Page 101 - Jewish Book Annual Volume 37

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p o r tra it camera, and fea tu res many “em anc ipated” Jews who, at
least to the eye, had shifted the ir allegiance from the world o f
fathers, to E u ropean “ku ltu r .” T h e pho tog raphs Hubm ann has
assembled dem onstra te the inhe ren t problem o f assimilation:
most o f the people who show up in his book hard ly
This paradox o f modernity repeats itself in C a therine H au f No-
ren ’s
The Camera of My Family
(New York, 1976), an historical
narrative which is built a round a few generations o f family pho ­
tographs, and which docum en ts the tragic ease with which Jews
accepted G erman cu lture as th e ir own. In the old world, as in the
new, the family whose experiences are reco rded in the Noren
volume never appear do ing something uniquely Jewish. H ere are
no pious g rand fa the rs bowed over dusty tomes, no fore-locked
boys, no kerchiefed mothers. Instead , we find lovers o f fine china
and connoisseurs o f good fu rn itu re and pleasant mountain re ­
sorts. And yet the ir annals were as maimed by the Holocaust as
those o f the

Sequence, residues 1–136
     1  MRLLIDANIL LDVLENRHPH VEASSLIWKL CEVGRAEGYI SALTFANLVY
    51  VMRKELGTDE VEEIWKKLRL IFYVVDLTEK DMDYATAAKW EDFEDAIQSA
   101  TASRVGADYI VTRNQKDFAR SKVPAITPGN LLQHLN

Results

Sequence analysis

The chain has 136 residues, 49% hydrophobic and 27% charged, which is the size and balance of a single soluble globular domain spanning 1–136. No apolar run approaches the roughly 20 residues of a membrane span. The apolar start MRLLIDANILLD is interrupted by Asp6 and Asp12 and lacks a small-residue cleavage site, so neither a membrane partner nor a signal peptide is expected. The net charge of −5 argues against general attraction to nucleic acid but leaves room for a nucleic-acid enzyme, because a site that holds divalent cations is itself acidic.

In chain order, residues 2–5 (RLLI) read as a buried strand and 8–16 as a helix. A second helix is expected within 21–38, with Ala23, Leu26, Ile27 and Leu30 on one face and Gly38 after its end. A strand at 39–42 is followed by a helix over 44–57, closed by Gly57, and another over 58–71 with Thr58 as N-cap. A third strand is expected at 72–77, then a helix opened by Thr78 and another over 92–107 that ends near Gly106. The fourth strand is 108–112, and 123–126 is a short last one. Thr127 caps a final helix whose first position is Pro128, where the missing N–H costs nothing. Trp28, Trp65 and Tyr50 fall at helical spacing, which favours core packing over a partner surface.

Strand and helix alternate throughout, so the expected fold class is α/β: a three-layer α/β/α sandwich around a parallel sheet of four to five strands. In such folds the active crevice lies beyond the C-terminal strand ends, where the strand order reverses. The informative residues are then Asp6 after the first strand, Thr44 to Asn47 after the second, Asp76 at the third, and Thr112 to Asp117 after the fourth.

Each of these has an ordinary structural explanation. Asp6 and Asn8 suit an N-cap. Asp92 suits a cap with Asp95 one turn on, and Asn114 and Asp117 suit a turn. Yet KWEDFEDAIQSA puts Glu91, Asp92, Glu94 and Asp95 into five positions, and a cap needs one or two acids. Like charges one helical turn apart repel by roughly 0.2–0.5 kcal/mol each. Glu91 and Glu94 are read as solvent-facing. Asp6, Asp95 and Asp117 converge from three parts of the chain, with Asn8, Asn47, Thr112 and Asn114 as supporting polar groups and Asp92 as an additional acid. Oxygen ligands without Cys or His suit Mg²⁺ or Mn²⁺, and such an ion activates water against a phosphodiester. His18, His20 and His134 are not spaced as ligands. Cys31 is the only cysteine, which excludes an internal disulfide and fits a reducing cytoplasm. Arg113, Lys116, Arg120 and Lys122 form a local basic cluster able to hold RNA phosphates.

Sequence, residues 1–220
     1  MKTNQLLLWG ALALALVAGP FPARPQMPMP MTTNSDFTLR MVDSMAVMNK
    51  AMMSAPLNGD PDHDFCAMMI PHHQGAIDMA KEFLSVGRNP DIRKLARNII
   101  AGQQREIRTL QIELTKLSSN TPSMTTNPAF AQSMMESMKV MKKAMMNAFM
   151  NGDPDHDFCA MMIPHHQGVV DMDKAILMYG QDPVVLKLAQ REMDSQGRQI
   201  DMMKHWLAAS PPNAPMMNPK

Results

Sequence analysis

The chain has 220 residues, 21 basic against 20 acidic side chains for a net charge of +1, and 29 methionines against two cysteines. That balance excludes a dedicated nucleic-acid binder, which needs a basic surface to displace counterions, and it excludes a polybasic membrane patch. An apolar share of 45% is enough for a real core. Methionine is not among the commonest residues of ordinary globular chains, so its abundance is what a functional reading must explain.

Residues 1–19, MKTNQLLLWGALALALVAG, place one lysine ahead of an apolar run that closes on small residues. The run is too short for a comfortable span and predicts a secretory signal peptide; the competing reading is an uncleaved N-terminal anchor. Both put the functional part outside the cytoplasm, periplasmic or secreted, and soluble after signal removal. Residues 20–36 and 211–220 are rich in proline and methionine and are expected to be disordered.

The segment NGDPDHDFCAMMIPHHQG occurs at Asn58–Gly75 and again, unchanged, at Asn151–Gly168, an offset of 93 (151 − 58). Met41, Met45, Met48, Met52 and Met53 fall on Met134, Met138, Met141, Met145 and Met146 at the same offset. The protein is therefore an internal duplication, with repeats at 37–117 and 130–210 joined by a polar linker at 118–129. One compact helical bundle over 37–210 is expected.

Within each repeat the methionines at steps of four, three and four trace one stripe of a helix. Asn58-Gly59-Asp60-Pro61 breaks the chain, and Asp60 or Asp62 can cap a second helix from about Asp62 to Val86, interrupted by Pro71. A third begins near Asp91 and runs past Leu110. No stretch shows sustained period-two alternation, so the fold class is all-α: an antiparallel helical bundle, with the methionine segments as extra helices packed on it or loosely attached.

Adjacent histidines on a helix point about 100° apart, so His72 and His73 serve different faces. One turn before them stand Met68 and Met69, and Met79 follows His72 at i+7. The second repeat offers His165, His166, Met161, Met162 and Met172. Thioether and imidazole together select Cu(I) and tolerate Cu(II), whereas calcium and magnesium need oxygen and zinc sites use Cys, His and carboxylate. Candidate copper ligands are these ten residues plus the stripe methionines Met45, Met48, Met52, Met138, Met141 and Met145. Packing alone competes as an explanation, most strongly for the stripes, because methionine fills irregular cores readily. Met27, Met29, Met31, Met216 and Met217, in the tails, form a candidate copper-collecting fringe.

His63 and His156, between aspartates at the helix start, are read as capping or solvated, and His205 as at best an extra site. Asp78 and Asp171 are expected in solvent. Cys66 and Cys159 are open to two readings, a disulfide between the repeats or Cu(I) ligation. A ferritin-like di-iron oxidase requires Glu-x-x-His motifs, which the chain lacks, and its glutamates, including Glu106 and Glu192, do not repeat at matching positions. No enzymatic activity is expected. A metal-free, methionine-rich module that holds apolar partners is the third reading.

Jews whose dark eyes cry to us ou t o f the work o f
Kipnis, Kaczyne and Vishniac. T he same paradoxes o f identity
linger in Sigmund F reud ’s home whose rooms full o f discreet
elegance have been p ic tured in Edmund Engelman’s^erpwme
(New York, 1977).
Centuries o f Jewish communal life in Europe ended in 1939.
But not Jewish pho tographs. T he suffering and destruction o f
Jews are vastly docum en ted , and some o f the most haun ting
images were taken by the Germans themselves whose cameras
clicked so indefatigably tha t the re are today enough pho tographs
o f anguish and dea th to fill the archives o f Warsaw, Yad Va-shem,
YIVO, the Library o f Congress and numerous memorial collec­
tions. T he ho r ro r o f these pho tographs defies aesthetic response.
One o f the last labors o f Zosa Szajkowski o f YIVO was to compile
Illustrated Sourcebook on the Holocaust
(New York, 1978. Two
more volumes are due in the late Spring o f 1979). T he images, as
the title implies, are documentary . They provide a visual account­
ing o f the very processes — bureaucratic and technological —
with which millions o f lives were destroyed. Szajkowski’s work
represents an enormous effo rt a t compilation bu t its effect is like
that o f statistical charts: it numbs. Mendel Grossman’s
With a
Camera in the Ghetto,
which first appeared with a Hebrew commen­